Empirical and Quantitative Reasoning (EQUR)
Courses under ‘Empirical and Quantitative Reasoning’ core area emphasize mathematical tools that are helpful in decision-making problems, and present students how to apply concepts and theory to concrete problem solving and decision-making situations. The tools that fall under this core area are interpreted broadly and include logic, probability and statistics, discrete mathematics, decision theory and algorithms. The emphasis on applying concepts and theory to real-world problem solving is essential for this core area. Real world decision-making necessitates gathering, organizing and understanding data, basic quantitative modeling skills and using tools in a structured manner to analyze problems and interpret results. All courses offered under the Empirical and Quantitative Reasoning core area provide analytical reasoning and deduction of conclusions from data.
Natural Sciences (SCIE)
Advancements in the science and technology affect the lives of individuals and the societies dramatically. Today the world is a highly technological and innovative place and there is an inevitable interplay between science and technology and the evolution of societies, economic and political issues, philosophy and ethics. Courses offered under this category aim to equip individuals with the basic information and scientific approach to understand the world they live in and evaluate the scientific and technological products of today and future. Science courses aim to familiarize students with the basic principles of the physical universe and the living systems and demonstrate scientific methodology, analysis and research. Students will practice critical, analytical, empirical, and scientific thinking and reasoning which will be instrumental for the rest of their lives. How claims are investigated, how hypotheses are constructed and tested, how cause-and-effect relationships can be built and facts can be deduced will be demonstrated to students.
The 8 Competencies of the Core Program
Competency 1: Demonstrate written and oral communication skills
• Understand and communicate effectively with others in a variety of contexts and using a variety of formats, including writing, speaking, reading, listening and interpersonal skills.
• Organize thoughts and communicate them to others effectively.
• Value the ideas of others and make significant contributions to them.
Competency 2: Demonstrate the ability to think critically
• Be self-motivated in seeking information.
• Interpret, analyze, and evaluate verbal or quantitative evidence.
• Draw conclusions based on information.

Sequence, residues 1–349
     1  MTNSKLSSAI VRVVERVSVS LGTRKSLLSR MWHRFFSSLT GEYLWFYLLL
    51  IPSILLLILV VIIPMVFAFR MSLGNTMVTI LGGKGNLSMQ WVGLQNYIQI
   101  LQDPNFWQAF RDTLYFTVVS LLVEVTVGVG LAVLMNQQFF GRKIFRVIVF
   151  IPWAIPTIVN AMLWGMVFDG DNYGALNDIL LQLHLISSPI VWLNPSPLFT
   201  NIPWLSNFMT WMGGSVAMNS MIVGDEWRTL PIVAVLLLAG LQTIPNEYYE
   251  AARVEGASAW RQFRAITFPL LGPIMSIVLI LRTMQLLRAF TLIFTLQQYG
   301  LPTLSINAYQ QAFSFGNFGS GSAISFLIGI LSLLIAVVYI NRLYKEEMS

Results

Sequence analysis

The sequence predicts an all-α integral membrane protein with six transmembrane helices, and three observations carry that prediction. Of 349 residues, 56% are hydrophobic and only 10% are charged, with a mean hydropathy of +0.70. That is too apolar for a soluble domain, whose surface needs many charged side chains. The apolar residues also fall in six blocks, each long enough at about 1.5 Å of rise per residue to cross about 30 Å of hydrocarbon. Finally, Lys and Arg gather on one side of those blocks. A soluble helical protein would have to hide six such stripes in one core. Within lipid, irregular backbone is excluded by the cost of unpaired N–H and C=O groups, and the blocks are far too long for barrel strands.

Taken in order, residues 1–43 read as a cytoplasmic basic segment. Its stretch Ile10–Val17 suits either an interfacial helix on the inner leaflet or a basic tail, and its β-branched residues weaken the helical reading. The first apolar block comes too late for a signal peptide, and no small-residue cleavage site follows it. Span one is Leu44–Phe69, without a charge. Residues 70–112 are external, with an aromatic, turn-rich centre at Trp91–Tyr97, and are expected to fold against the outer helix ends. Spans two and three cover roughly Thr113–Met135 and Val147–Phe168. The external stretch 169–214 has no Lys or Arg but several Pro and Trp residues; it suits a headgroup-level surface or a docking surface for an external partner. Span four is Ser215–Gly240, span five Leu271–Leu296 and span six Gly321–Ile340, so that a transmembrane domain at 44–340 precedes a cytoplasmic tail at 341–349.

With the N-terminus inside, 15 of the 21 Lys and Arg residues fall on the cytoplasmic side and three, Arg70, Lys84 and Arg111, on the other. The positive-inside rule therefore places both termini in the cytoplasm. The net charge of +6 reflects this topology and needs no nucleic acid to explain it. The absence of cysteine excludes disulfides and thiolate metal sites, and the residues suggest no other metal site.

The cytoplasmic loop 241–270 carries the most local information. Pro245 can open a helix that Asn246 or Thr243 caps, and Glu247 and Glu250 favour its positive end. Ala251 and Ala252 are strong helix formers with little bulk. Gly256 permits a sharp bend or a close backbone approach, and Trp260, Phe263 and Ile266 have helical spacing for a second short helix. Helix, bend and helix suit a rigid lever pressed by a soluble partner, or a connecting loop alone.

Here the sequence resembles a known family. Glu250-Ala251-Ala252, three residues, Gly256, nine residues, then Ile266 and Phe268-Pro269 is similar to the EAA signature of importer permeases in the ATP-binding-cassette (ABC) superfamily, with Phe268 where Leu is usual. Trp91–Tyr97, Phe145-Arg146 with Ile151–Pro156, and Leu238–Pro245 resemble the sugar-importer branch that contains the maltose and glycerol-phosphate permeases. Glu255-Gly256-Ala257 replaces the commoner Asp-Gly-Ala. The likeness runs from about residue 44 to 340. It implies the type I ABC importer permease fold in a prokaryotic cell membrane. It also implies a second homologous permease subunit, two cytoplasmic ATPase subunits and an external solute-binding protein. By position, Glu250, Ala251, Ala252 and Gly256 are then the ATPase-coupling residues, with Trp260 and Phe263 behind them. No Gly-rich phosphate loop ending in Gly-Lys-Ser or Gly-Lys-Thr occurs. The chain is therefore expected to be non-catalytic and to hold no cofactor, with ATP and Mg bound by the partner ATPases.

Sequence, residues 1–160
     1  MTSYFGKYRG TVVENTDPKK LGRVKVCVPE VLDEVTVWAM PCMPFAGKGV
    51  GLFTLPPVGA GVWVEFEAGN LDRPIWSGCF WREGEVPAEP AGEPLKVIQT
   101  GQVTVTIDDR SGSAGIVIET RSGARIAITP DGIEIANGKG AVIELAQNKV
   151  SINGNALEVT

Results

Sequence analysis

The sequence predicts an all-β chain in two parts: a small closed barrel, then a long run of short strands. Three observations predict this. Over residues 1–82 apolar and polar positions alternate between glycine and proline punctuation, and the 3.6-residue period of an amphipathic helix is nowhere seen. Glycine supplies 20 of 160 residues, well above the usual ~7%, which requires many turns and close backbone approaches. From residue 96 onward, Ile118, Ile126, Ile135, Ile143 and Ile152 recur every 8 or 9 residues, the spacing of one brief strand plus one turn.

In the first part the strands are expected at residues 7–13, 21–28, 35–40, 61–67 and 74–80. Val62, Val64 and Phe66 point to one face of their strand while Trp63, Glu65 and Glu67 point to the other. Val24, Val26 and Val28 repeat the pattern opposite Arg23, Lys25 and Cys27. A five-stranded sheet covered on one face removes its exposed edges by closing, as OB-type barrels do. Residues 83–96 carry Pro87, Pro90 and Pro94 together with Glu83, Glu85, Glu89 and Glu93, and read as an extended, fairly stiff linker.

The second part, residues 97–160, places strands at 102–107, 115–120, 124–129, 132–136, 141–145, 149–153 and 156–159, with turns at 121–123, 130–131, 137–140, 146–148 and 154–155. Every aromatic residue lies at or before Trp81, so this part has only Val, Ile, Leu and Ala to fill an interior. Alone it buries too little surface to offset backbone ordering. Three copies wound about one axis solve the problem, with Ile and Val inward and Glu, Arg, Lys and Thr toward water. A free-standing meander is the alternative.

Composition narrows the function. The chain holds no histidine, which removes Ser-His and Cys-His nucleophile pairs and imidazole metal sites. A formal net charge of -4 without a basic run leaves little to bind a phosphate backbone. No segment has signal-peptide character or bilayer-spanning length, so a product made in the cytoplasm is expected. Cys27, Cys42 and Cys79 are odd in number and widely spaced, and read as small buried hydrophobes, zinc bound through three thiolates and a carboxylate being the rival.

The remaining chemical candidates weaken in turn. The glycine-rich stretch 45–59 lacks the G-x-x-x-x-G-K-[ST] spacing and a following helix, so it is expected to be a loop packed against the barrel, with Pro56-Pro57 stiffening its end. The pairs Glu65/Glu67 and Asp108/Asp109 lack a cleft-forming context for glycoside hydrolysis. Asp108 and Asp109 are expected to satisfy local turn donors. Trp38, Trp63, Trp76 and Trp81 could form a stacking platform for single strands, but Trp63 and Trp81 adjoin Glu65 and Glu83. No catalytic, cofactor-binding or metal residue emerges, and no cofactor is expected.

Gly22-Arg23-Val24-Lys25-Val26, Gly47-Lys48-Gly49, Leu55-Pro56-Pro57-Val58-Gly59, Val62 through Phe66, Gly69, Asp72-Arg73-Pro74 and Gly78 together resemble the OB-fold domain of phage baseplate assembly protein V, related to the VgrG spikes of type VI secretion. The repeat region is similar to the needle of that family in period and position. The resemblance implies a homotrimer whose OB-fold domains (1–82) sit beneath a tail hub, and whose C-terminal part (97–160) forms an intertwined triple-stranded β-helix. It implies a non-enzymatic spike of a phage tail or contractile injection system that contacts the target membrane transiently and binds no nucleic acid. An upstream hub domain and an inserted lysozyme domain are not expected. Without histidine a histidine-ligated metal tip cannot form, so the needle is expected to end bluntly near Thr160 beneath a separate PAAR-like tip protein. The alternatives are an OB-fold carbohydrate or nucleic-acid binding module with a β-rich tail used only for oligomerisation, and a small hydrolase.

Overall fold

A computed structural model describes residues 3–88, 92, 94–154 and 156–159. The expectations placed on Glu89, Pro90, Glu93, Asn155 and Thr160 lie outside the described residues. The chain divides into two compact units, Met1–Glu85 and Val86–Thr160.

• Apply scientific mindfulness (skepticism) when receiving information.
• Construct well-supported, clearly articulated, and sustained arguments.
• Question previously acquired knowledge.
Competency 3: Demonstrate analytical reasoning skills
• Use analytical techniques to solve every day quantitative problems.
• Identify the type of data needed to solve problems.
• Understand cause-effect relationships, and the methods that confirm their existence.
Competency 4: Integrate knowledge
• Understand appropriate uses of a variety of methods of inquiry.
• Articulate how the knowledge learned in general education is relevant to the college career and beyond.
• Relate newly acquired specific knowledge to knowledge acquired elsewhere.
• Evaluate own strengths and weaknesses as a learner and become a self-regulated learner.
• Develop an agenda for intellectual growth.
Competency 5: Demonstrate ethical reasoning skills
• Remember the value of human rights in everyday life.
• Interact with others based on an understanding of the fallacies of self-justification, self-deception, unfair practices, and violating the rights of the others.
• Discuss, from multiple points of view, ethical issues and dilemmas such as fairness, obligations, personal integrity, justice, welfare of the others, and liberty.
• Distinguish the ethical from the non-ethical, and the ethical from pseudo-ethical.
Competency 6: Demonstrate creativity
• Generate new and innovative ideas.
• Design new methods and solutions to existing problems/situations.
• Demonstrate the ability to express feelings, beliefs, and thoughts in a variety of artistic forms.
Competency 7: Demonstrate free inquiry
• Be motivated to seek information.
• Demonstrate flexibility in the use of sources and/or methods to access information.
• Interpret information in new ways in collaboration with peers, or through interaction with a text.
Competency 8: Develop empirical reasoning abilities
• Interpret quantitative or symbolic information such as graphs, tables, units of measurement, scales, and distributions. Use the experimental method appropriately.
• Generate, collect, and interpret data.
• Demostrate ability to test a hypothesis and justify an idea using scientific methods.